WIPO Arbitration and Mediation Center
ADMINISTRATIVE PANEL DECISION
OLX B.V. v. Mohammad Maddahi
Case No. DIR2018-0008
1. The Parties
The Complainant is OLX B.V. of Hoofddorp, Netherlands, represented by Saba & Co. IP, Lebanon.
The Respondent is Mohammad Maddahi of Mashhad, Islamic Republic of Iran (“Iran”).
2. The Domain Name and Registrar
The disputed domain name <iranolx.ir> is registered with IRNIC.
3. Procedural History
The Complaint was filed with the WIPO Arbitration and Mediation Center (the “Center”) on March 16, 2018. On March 19, 2018, the Center transmitted by email to IRNIC a request for registrar verification in connection with the disputed domain name. On March 22, 2018, IRNIC transmitted by email to the Center its verification response confirming that the Respondent is listed as the registrant and providing the contact details. Hard copies of the Complaint were received by the Center on March 22, 2018.
The Center verified that the Complaint satisfied the formal requirements of the .ir Domain Name Dispute Resolution Policy (the “Policy” or “irDRP”), the Rules for .ir Domain Name Dispute Resolution Policy (the “Rules”), and the WIPO Supplemental Rules for .ir Domain Name Dispute Resolution Policy (the “Supplemental Rules”).
In accordance with the Rules, paragraphs 2(a) and 4(a), the Center formally notified the Respondent of the Complaint, and the proceeding commenced on March 23, 2018. In accordance with the Rules, paragraph 5(a), the due date for response was April 12, 2018. The Respondent did not submit any response. Accordingly, the Center notified the Respondent’s default on April 16, 2018.
The Center appointed Sebastian M.W. Hughes as the sole panelist in this matter on April 20, 2018. The Panel finds that it was properly constituted. The Panel has submitted the Statement of Acceptance and Declaration of Impartiality and Independence, as required by the Center to ensure compliance with the Rules, paragraph 7.
4. Factual Background
The Complainant is a company incorporated in the Netherlands, and the operator in over 50 countries worldwide (including Iran) of one of the leading global online classifieds platforms under the trade mark OLX (the “Trade Mark”) since 2006.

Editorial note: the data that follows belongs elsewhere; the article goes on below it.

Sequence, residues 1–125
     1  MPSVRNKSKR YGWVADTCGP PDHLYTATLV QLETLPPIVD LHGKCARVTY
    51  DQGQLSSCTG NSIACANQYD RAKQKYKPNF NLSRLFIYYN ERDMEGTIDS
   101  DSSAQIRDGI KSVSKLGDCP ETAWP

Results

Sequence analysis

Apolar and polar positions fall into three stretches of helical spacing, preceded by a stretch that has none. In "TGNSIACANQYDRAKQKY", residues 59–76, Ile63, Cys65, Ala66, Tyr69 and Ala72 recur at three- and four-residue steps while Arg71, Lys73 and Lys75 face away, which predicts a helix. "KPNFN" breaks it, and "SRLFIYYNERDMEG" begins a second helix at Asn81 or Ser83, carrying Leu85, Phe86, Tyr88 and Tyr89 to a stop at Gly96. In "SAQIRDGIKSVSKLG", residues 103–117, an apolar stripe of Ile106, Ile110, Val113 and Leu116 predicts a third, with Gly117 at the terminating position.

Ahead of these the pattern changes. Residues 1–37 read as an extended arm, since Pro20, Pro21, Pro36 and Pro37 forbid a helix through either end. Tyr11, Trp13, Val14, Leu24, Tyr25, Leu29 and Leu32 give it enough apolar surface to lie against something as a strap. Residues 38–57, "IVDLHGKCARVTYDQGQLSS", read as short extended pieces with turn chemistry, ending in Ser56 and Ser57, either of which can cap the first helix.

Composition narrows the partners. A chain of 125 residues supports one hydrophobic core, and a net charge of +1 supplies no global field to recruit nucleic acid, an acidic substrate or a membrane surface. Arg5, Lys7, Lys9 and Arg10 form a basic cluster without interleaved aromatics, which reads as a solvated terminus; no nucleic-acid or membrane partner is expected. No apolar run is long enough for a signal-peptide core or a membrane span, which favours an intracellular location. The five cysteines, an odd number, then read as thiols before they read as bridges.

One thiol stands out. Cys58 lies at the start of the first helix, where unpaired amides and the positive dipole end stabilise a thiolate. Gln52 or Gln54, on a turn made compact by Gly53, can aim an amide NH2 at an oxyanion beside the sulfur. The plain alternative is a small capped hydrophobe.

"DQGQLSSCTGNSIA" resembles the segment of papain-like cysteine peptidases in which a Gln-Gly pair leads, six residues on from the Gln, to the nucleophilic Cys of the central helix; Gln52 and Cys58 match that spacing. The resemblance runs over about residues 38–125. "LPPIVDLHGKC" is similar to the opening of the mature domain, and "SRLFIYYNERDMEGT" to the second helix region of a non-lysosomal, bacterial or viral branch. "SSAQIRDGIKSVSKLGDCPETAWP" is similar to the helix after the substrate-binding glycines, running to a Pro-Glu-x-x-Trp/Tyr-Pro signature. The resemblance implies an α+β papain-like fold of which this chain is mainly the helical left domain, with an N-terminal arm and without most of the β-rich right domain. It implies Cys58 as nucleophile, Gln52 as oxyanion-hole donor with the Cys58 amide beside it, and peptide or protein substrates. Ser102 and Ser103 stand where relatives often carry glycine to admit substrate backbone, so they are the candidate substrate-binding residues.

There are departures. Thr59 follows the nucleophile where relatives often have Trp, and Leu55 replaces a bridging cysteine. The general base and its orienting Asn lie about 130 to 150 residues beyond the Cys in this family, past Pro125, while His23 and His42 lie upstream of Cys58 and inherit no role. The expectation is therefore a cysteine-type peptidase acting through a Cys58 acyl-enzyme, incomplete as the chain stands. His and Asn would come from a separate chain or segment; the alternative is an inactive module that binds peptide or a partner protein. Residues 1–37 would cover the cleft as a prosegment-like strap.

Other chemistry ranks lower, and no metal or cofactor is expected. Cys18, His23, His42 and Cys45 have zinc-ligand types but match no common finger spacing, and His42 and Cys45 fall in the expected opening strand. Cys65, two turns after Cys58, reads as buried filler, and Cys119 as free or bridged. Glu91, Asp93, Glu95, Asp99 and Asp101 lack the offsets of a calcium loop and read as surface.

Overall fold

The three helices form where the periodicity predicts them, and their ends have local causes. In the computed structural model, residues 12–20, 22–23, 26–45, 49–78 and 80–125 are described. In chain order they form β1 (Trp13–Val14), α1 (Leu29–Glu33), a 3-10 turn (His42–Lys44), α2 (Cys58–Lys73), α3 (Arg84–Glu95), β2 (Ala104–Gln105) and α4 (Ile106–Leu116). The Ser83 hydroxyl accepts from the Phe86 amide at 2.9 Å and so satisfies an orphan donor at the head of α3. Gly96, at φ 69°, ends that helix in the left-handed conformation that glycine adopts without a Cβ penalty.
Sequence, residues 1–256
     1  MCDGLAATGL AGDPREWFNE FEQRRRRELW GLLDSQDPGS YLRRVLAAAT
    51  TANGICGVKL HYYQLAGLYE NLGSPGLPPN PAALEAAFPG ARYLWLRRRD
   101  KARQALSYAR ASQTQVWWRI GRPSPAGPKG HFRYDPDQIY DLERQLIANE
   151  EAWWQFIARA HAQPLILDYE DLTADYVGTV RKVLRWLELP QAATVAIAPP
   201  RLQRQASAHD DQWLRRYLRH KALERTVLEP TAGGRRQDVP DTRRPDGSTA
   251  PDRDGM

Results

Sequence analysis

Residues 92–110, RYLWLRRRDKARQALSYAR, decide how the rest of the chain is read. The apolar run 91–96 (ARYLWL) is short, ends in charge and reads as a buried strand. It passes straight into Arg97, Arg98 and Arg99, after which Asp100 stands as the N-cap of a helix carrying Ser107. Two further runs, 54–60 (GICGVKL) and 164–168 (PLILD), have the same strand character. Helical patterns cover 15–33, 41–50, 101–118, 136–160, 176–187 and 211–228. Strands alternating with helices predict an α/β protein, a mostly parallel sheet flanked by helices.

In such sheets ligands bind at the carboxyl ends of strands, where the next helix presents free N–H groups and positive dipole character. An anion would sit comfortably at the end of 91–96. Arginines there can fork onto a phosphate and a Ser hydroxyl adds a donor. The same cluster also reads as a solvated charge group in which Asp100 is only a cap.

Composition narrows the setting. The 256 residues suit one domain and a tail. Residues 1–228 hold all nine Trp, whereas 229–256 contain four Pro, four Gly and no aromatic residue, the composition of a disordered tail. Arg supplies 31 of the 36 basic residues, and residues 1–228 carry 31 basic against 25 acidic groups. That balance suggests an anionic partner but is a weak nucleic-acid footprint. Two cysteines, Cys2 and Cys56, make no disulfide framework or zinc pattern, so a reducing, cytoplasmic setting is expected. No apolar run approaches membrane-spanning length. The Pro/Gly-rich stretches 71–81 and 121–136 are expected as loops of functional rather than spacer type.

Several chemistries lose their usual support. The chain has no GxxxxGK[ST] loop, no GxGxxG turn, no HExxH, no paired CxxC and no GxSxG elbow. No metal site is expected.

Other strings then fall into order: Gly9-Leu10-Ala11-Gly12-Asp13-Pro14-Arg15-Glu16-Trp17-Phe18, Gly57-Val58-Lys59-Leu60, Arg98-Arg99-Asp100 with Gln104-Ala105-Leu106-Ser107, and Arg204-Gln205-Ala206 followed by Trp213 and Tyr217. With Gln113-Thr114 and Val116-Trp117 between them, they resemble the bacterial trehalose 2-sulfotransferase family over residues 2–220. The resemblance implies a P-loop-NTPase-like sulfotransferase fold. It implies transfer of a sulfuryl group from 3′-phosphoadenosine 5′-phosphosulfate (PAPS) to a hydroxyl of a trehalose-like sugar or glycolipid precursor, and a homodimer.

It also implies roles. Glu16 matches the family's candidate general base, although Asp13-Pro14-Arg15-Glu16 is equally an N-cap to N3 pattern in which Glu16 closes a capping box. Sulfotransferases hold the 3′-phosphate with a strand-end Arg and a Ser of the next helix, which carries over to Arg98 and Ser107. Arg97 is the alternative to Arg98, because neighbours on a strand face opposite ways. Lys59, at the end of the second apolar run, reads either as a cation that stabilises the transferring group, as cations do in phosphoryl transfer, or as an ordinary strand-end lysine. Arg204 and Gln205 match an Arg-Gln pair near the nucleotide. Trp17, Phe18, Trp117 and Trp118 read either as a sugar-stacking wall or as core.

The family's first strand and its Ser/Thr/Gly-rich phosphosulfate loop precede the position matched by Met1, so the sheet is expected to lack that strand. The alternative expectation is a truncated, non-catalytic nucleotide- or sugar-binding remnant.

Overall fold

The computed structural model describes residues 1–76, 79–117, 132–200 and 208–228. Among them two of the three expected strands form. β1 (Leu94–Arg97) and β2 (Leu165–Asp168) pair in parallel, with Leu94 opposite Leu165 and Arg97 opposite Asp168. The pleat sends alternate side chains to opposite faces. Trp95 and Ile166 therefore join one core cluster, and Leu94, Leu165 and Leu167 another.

The Complainant is the owner of numerous registrations in jurisdictions worldwide for the Trade Mark, including United States of America registration No. 3626901, registered May 26, 2009; and Iranian registration No. 223026, registered January 5, 2015 (with a filing date of March 16, 2014).
The Respondent is apparently an individual resident in Iran.
C. The Disputed Domain Name
The disputed domain name was registered on September 18, 2014.
D. The Website at the Disputed Domain Name
The disputed domain name resolves to a website in Persian which provides online classifieds services (the “Website”).
5. Parties’ Contentions
The Complainant contends that the disputed domain name is identical or confusingly similar to the Trade Mark, the Respondent has no rights or legitimate interests in respect of the disputed domain name, and the disputed domain name has been registered or is being used in bad faith.
The Respondent did not reply to the Complainant’s contentions.
6. Discussion and Findings
The Complainant must prove each of the three elements in paragraph 4(a) of the Policy in order to prevail.
The Panel respectfully agrees with the views of learned panelists in previous decisions issued under the irDRP that, given the similarities between the irDRP and the UDRP (upon which the irDRP is based), it is appropriate to refer to UDRP jurisprudence, and the WIPO Overview of WIPO Panel Views on Selected UDRP Questions, Third Edition (“WIPO Overview 3.0”), in applying the irDRP.1